Raising Sexually Healthy Preschoolers
In my first (and only) semester of grad school, I took a course on human sexuality. The content was fascinating and sobering. The discussions were lively – led by our 80-something professor who was more comfortable talking about sexuality than anyone I know. Yesterday, I pulled out a research paper I wrote for the class about raising sexually healthy preschoolers because, well, I have one of those now. Here are some highlights.
The foundation for raising sexually healthy preschoolers is the same foundation for raising healthy preschoolers period. Love them – in words and actions. Take an interest in their likes and dislikes. Foster an atmosphere of open communication based on trust. Allow any question no matter the subject matter. Listen to what they’re saying. Know what is developmentally appropriate for their age and manage expectations appropriately. Encourage decision-making and responsibility even in the preschool years – give choices when the stakes are low.
Teach early, often and age-appropriately
By the time many parents talk to their kids about sex, the kids often know everything already. Or at least they know whatever version was told by their friends. It’s easier to give correct information on the front end than to attempt to correct bad information years later.
And since preschoolers are quite curious, teaching situations often happen naturally. “Why do I look different from boys?” Where did I come from?” “How do babies get inside of you?” And if they don’t ask questions, you can still use situations such as potty training, bath time, pregnancy, breastfeeding, etc. to bring up issues surrounding sexuality.
You don’t have to go into details with kids at this age. Keep explanations short and simple – using correct terminology. While it may be uncomfortable, it is essential we use anatomically correct terms with our kids. A contradictory message is sent if our kids learn nicknames for body parts and later discover they were given incorrect information. Using correct terminology teaches our kids to respect and acknowledge every part of their bodies.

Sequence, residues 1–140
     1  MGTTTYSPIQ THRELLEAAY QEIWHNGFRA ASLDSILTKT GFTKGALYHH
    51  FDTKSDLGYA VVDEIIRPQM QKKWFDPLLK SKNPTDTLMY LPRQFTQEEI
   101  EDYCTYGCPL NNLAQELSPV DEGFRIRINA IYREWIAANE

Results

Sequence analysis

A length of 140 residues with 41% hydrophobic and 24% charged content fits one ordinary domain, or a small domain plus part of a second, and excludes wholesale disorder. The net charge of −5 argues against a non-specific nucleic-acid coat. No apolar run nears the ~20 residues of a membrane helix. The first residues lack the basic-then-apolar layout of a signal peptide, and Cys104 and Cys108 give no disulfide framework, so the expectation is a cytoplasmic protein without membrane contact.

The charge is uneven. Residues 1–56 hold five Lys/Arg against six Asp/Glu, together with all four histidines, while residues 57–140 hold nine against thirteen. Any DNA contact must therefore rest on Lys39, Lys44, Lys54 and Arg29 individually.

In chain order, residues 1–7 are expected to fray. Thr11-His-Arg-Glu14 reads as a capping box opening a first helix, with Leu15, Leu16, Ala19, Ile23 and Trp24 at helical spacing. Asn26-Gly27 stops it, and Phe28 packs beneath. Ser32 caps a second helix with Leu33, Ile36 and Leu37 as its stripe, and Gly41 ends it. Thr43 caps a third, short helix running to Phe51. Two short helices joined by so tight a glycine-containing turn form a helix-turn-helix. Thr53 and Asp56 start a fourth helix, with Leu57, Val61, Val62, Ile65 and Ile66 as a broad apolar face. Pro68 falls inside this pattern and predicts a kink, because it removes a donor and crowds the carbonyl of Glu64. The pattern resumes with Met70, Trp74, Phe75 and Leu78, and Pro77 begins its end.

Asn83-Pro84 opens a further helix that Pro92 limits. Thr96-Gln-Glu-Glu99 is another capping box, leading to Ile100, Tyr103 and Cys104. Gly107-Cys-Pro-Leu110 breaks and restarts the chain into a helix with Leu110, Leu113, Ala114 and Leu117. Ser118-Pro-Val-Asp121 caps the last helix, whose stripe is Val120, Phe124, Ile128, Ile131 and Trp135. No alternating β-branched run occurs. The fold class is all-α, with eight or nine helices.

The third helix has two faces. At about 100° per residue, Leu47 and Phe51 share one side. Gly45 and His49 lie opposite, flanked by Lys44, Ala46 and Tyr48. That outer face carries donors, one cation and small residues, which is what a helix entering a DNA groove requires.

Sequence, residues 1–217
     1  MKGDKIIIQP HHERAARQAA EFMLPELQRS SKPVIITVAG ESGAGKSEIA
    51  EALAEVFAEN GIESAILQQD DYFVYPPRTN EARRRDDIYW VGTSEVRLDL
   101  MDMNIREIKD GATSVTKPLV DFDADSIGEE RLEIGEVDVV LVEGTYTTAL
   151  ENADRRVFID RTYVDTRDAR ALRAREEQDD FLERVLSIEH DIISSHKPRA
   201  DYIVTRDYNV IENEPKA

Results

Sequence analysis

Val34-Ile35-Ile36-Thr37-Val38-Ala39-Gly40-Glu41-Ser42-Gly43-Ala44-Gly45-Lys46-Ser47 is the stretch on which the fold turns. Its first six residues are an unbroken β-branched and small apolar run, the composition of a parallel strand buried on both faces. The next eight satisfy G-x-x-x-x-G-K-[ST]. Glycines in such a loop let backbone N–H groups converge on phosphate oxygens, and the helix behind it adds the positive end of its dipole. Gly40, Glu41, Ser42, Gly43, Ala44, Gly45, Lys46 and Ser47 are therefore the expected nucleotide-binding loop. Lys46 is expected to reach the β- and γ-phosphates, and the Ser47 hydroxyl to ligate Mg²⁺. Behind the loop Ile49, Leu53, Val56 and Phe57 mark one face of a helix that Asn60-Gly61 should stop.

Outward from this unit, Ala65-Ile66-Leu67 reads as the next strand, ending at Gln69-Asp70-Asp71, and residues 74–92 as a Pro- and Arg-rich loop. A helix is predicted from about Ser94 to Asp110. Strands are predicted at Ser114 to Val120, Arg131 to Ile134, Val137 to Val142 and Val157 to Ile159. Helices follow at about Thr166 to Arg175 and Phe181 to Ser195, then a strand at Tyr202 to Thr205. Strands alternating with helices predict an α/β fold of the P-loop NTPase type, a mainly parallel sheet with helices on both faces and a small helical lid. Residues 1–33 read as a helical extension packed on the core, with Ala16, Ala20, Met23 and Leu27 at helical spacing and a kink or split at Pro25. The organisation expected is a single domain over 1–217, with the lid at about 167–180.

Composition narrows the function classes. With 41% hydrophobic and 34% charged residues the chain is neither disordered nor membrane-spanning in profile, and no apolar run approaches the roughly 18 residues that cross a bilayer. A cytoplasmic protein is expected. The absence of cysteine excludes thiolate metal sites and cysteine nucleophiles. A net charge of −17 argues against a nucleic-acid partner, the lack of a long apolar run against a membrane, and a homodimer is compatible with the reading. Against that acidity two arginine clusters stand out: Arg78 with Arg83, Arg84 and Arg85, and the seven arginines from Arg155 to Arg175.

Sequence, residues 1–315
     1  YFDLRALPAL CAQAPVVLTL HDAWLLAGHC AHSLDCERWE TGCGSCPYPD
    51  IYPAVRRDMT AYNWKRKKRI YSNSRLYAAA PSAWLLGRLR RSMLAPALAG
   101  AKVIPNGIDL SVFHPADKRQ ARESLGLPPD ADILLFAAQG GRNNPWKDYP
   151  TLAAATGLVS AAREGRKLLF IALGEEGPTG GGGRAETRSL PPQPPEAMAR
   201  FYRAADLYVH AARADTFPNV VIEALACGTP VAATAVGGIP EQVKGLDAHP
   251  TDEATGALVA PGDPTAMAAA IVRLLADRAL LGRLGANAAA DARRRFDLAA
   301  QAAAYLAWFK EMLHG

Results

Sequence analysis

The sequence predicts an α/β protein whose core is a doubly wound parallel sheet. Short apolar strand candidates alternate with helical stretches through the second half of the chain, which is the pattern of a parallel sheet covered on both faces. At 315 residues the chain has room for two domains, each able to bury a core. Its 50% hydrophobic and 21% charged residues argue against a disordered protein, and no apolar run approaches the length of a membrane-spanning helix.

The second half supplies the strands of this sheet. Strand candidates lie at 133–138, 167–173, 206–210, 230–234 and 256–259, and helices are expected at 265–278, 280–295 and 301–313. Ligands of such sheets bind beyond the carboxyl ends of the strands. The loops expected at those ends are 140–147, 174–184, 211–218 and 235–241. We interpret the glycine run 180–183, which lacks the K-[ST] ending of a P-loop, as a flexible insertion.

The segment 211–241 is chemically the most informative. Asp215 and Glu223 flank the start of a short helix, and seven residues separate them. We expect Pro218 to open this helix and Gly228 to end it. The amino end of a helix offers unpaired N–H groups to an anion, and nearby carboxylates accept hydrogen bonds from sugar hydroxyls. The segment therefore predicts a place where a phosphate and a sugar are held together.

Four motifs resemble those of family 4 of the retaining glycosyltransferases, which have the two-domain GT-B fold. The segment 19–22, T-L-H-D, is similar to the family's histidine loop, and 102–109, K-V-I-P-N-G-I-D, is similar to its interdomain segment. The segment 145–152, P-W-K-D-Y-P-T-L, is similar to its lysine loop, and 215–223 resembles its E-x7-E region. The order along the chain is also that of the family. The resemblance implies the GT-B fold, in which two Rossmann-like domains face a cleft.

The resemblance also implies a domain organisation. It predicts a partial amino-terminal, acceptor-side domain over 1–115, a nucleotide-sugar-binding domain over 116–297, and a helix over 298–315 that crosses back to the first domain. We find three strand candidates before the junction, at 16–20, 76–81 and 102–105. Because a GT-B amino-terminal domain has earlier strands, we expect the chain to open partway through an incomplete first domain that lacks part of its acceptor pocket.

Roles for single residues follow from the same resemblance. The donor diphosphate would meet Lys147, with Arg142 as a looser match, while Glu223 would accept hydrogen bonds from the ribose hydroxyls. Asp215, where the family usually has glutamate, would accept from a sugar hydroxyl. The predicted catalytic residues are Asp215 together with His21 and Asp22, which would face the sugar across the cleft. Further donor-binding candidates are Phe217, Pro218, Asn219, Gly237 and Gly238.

When we teach our kids early, often and age-appropriately, sexuality becomes a natural part of life. Not some taboo topic that waits for “the talk” about “the facts of life.”
Teach privacy, not shame
I once overheard a mom mention that she smacks her preschooler’s hand when she finds him playing with his penis. This made me cringe. It is perfectly normal for preschoolers to be curious about themselves and others. Teaching kids to touch themselves (and pick their nose) in private without shaming them is a great way to establish the concept of privacy. Teaching kids that the areas their bathing suits cover are not for other people to look at or touch (with the exception of doctors and parents and caregivers at appropriate times) is another way to instill concepts of privacy and teach them to protect themselves.
A New Resource
Over the last few years, I’ve looked for a great book to help my kiddos grasp the importance of their bodies and how to keep them safe. Until recently I hadn’t found one that I loved. But when God Made All of Me: A Book to Help Children Protect Their Bodies arrived on the scene, I read a bunch of reviews and then went ahead and ordered it. I’m so glad I did.
It addresses several issues head on.
- God made each and every part of our body and each and every part is good.
- Kids are in charge of their own bodies (which means they can even say “no” to a hug from Mom or Dad or Grandma if they’re not in the mood).
- Some parts of our bodies are private (the book uses anatomically correct names).
- If anything ever makes a child uncomfortable, they should always tell a trusted adult.
Kid’s will learn about sexuality whether we like it or not. As parents, let’s be proactive and be the ones who give our kids their first impression of sexuality – as a gift from God to be honored and protected.
There’s so much more that could be said on this topic! Do you have additional tips or suggestions for raising sexually healthy preschoolers? An experience you’d like to share?
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*A version of this post was originally published on April 11, 2012.